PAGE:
Thermoplastic-Starch Products
When biodegradable thermoplastic-starch plastics, which have a starch (amylose) content of more than 70 percent, are combined with specific plasticizing solvents, they produce thermoplastic materials with good performance properties and inherent biodegradability. The hydrophilic nature of high-starch content plastics, which readily disintegrate on contact with water, can be overcome by blending and chemically modifying the material by acetylation, esterification, or etherification. Starch-based polymers are often plasticized, destructured, and/or blended with other high-performance polymers (e.g., aliphatic polyesters and polyvinyl alcohols) to provide useful mechanical properties for different packaging applications.

Starch-Aliphatic Polyester Blends
Blends of biodegradable, synthetic, aliphatic poly-esters and starch are often used to produce high-quality sheeting and films for packaging. Approximately 50 percent of synthetic polyester (which costs approximately $4.00/kg) could be replaced with natural polymers, such as starch (approximately $1.50/kg). In addition, polyesters can be modified by incorporating different functional groups (e.g., hydroxy, amine, carbonyl, etc.) that are capable of reacting with natural starch polymers.

Several products made of starch-based plastics are currently available commercially. These include films (e.g., shopping bags, bread bags, bait bags, overwraps, and backing materials for “flushable” sanitary products) and mulch film. One commercial product, the “BioBag,” is produced from the Novamont resin (found in Italy), which has been around since 1994. The BioBag is made from cornstarch combined with fully biodegradable plastics or polylactic acid.

Other products are produced from starch-based foams. A well known example is water-soluble beads made from potato starch that can replace polystyrene-foam packaging beads. Starch-based beads, which are readily soluble and biodegradable, have created an early market for biodegradable plastics.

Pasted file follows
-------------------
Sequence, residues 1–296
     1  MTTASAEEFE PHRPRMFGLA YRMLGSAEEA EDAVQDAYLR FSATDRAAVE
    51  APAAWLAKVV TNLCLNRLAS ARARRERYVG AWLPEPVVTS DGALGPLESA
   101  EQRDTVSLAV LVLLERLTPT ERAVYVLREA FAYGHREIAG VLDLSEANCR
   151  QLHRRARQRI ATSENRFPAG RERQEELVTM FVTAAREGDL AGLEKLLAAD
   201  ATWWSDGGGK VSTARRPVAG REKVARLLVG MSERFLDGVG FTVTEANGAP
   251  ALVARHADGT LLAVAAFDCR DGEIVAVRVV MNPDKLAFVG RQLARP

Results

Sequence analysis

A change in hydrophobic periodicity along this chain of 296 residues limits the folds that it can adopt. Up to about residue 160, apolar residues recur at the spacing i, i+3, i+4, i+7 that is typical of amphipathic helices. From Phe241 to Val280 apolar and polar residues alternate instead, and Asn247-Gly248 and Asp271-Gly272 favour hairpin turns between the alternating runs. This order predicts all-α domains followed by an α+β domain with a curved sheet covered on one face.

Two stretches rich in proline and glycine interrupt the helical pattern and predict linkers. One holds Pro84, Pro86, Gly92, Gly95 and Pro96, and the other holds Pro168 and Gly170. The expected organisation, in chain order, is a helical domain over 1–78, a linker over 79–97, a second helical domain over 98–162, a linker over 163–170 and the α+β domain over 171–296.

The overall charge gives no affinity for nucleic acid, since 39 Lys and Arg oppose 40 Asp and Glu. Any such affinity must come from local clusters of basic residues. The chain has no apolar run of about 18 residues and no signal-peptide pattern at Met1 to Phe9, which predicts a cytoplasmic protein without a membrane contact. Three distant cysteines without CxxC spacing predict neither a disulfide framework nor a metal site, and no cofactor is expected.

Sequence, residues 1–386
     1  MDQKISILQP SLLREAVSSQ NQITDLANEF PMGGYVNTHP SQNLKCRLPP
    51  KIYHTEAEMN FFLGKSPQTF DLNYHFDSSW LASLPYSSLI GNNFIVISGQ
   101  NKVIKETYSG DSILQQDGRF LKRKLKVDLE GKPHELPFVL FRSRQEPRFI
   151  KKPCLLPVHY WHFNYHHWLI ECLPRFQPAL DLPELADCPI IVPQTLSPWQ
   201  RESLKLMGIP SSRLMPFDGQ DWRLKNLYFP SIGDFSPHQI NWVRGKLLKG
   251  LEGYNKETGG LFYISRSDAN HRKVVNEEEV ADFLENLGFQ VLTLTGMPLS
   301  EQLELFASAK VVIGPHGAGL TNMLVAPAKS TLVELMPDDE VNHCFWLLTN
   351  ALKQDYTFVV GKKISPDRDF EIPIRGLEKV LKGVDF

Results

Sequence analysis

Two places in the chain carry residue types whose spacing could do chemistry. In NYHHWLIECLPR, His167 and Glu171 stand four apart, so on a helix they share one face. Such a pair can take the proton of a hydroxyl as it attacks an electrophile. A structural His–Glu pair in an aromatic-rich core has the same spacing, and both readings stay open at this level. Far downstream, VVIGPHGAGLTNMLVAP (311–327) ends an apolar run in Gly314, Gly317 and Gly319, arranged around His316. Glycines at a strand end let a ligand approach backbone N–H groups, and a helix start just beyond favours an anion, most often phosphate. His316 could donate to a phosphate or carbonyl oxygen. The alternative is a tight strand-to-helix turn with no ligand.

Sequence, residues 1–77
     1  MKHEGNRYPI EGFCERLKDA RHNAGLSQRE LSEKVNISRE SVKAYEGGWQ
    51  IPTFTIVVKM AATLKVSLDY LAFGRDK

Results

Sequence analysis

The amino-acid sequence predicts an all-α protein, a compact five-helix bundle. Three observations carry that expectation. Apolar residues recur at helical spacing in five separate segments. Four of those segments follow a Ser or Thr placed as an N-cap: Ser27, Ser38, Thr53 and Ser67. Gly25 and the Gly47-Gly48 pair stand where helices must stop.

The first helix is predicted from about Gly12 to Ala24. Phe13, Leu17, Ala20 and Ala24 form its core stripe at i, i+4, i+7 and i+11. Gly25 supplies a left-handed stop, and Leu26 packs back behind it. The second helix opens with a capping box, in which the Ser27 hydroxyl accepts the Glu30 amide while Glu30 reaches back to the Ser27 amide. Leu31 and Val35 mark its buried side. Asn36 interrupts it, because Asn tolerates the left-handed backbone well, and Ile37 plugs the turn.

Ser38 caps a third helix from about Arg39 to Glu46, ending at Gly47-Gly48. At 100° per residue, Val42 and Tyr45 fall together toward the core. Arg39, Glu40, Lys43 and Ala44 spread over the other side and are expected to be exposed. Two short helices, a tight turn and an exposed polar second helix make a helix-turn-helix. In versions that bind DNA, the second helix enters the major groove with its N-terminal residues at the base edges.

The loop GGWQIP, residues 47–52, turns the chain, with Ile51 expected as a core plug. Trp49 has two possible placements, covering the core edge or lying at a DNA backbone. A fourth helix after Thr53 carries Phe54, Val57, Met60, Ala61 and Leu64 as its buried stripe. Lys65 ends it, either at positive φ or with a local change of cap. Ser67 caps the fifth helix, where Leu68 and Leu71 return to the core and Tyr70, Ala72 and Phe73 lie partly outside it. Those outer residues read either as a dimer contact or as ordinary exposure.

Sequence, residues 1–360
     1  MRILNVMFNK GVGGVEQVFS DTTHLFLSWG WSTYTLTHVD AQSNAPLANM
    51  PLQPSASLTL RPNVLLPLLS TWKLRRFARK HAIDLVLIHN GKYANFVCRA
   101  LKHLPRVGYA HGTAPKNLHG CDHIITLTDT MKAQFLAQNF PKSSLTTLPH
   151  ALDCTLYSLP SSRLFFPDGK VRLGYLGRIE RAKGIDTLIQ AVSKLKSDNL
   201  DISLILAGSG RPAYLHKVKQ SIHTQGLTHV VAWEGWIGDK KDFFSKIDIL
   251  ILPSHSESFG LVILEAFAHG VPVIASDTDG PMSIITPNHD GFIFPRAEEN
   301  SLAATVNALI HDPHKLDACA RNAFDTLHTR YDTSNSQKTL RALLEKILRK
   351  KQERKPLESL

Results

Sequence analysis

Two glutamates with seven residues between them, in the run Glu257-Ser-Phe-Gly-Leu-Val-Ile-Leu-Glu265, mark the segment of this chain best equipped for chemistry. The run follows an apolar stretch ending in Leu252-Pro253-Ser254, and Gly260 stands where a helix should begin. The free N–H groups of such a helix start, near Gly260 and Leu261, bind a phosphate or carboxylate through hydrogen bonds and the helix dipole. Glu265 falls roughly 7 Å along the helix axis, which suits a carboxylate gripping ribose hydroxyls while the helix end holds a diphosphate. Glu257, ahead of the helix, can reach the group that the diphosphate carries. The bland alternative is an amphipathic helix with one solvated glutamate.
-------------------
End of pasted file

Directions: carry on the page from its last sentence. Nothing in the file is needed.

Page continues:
Synthesis of a starch-graft polymer.
FIGURE 1 - Synthesis of a starch-graft polymer.

Starch and PBS/PBSA Polyester Blends
Polybutylene succinate (PBS), polybutylene succinate adipate (PBSA), and other polyesters can be blended with starch to improve the mechanical properties of materials. Starch and PBS or PBSA blends produce biodegradable plastic sheeting that can be thermo-formed into biscuit trays and other film products. The tensile strength of these blends is somewhat lower than that of polyester alone, but there is little significant further decrease in strength as the starch content increases, at least to a point. With a very high-starch content (>60 percent), however, sheeting can become brittle. To reduce brittleness and increase flexibility, plasticizers are often added.

Starch-Based Superabsorbent Polymers
Superabsorbent polymers (SAPs) are a unique group of materials that can absorb more than a hundred times their weight in liquid. In addition, SAPs do not easily release these fluids, even under pressure. SAPs were first developed in the 1970s by the U.S. Department of Agriculture in the form of starch/acrylonitrile/acrylamide-based polymers called “superslurpers.” These products were originally used in agricultural/horticultural markets as hydrogels to help retain moisture in soil during the growing and shipping of crops and other plants (Yamaguchi et al., 1987).